As technology and low-cost flights make our world ever-smaller, travel is no longer just about discovering far-flung, exotic, or luxurious destinations. It’s also about how we interact with our environment, and how travel to different places affects us, and changes us on an emotional or intellectual level. Say hello to experiential tourism, the newest movement shaping the travel market.

Experiential tourism involves going beyond the usual holiday experiences in a region, to find new ways of seeing the destination, and new things to do there. It’s about learning and growing from travel in a way that can’t be done through the classic “brochure holiday”. The modern tourist wants to walk where the locals walk; to savour local flavours, to learn new skills, to undertake new challenges, all in a new environment. They are looking for a more emotional connection with the people and they visit. And what tourists want, the industry must provide to succeed long-term.

“What we are seeing more and more recently is a quest to secure bragging rights through uncovering or experiencing something truly new, rare or exotic,” says Shangri-La vice president of sales & marketing, EMEA Rob Weeden. “Sharing these fabulous experiences with family, peers, or your tribe on social media, inspires others to also have their own adventures. Just look at the Instagram effect,” he adds.

The Arabian Travel Market — focusing on experiential tourism

Travel and tourism is hugely important to the MENA region. In 2015, travel and tourism accounted for 8.7% of the UAE’s total GDP; a figure projected to rise to 11.2% of GDP in 2026. Oman’s tourist industry is growing apace, with investment in the sector set to reach US$1.17 billion by 2026. In Bahrain, the tourism industry is growing rapidly and is on track to reach $1 billion by 2020. Key to this growth will be experiential tourism, set to be one of the major drivers of tourism in the region this year and beyond.

The Arabian Travel Market is a pivotal event in the tourism industry in the Middle East and North Africa, so its preoccupations reflect the industry as a whole. This year’s edition, which takes place at the Dubai World Trade Centre from April 24-27, will highlight experiential tourism as a key growth driver of the region’s tourism market.

“Experiential travel takes visitors away from the traditional beach and sight-seeing holidays, to immerse them in culture and custom, Arabic tradition, or thrill-seeking activities, such as desert safaris,” says Arabian Travel Market senior exhibition director Simon Press. “This behavioural shift among travellers allows ATM 2017 to highlight the unique nuances of the regional industry to present data, and insight, on areas that will become a major focus over the coming years.”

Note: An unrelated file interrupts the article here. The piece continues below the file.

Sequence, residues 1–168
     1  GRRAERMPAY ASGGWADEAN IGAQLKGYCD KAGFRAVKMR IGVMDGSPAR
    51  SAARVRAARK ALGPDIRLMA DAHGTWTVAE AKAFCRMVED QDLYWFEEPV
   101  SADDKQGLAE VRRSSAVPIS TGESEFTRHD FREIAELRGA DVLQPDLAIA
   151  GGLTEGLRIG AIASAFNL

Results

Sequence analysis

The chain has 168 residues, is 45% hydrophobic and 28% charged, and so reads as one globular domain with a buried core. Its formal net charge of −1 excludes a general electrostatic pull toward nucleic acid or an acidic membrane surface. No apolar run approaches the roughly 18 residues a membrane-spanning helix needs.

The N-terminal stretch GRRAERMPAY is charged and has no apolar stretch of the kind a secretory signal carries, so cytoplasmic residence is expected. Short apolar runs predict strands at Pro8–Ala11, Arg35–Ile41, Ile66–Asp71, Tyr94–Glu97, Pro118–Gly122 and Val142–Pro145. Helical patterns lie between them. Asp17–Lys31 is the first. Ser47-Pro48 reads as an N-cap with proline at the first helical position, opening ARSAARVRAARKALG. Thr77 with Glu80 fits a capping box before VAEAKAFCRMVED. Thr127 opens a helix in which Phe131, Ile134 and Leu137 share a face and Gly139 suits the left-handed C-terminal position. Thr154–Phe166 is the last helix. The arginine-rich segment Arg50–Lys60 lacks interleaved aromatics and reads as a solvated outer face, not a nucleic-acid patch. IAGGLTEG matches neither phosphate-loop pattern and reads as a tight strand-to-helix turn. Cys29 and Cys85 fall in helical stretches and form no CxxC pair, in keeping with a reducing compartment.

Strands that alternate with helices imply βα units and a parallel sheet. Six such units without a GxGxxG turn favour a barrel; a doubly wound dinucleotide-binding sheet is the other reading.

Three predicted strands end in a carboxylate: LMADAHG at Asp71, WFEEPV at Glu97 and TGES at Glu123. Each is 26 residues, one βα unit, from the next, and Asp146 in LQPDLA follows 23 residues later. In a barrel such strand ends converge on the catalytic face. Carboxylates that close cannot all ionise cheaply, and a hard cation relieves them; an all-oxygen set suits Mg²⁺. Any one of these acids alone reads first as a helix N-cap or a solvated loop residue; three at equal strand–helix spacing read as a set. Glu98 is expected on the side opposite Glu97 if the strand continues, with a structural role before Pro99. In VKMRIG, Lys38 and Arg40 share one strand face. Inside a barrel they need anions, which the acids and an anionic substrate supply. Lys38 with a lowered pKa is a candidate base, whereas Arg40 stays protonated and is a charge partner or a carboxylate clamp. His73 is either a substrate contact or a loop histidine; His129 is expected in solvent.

From backpackers to billionaires

Experiential tourism has evolved with the modern tourist. Influenced by easier connectivity and social media, people now seek travel that offers more of an attachment to the destination, whether that is with history, people, culture or adventure.

“Consumer demand for sure is the driving force,” says Weeden. “People still want to flop and drop on a spectacular beach with turquoise water lapping at their feet, but they also want to juxtapose that experience with adventures of their own — particularly the time poor. The quest for unique is the new normal.”

Frying Pan Adventures is an example of a small company that provides experiential tourism in the MENA region. The company designs walking tours of Dubai where visitors can experience the city at street level. “We curate experiences where people can appreciate Dubai in a way that feels sincere and without the usual ‘gloss’ that makes a city look outwardly perfect for visitors,” says Arva Ahmed, the founder of Frying Pan Adventures. “Our primary lens is food — we design trails that involve sampling foods and interacting with vendors in down-to-earth, everyday neighbourhoods that tourists would typically not visit during their stay. We use these ‘food tours’ to not just eat, but to share stories of local and regional culture, history, and personal experiences from our time as residents living in Dubai.”

Traditionally this type of experience was the goal of backpackers and adventure travellers, but now its influence pervades the luxury market too. Even travellers with deeper pockets are looking for authentic and personalised experiences away from the mainstream.

Filip Boyen, CEO of Small Luxury Hotels of the World, has been monitoring this trend. “There has been a shift particularly in the luxury market, whereby people are choosing to spend their money on experiences, rather than possessions,” he notes. According to Boyen, this shift in the luxury market has particular implications for the MENA region, hitherto synonymous with “luxury” in the sense of opulence, expense and awe. “Within the hotel industry in this region in particular, there has always been a trend towards opulence and ‘bigger is better’ with hotels,” he says, “but there has recently been a paradigm shift to hotels offering a more personalised and local experience.”

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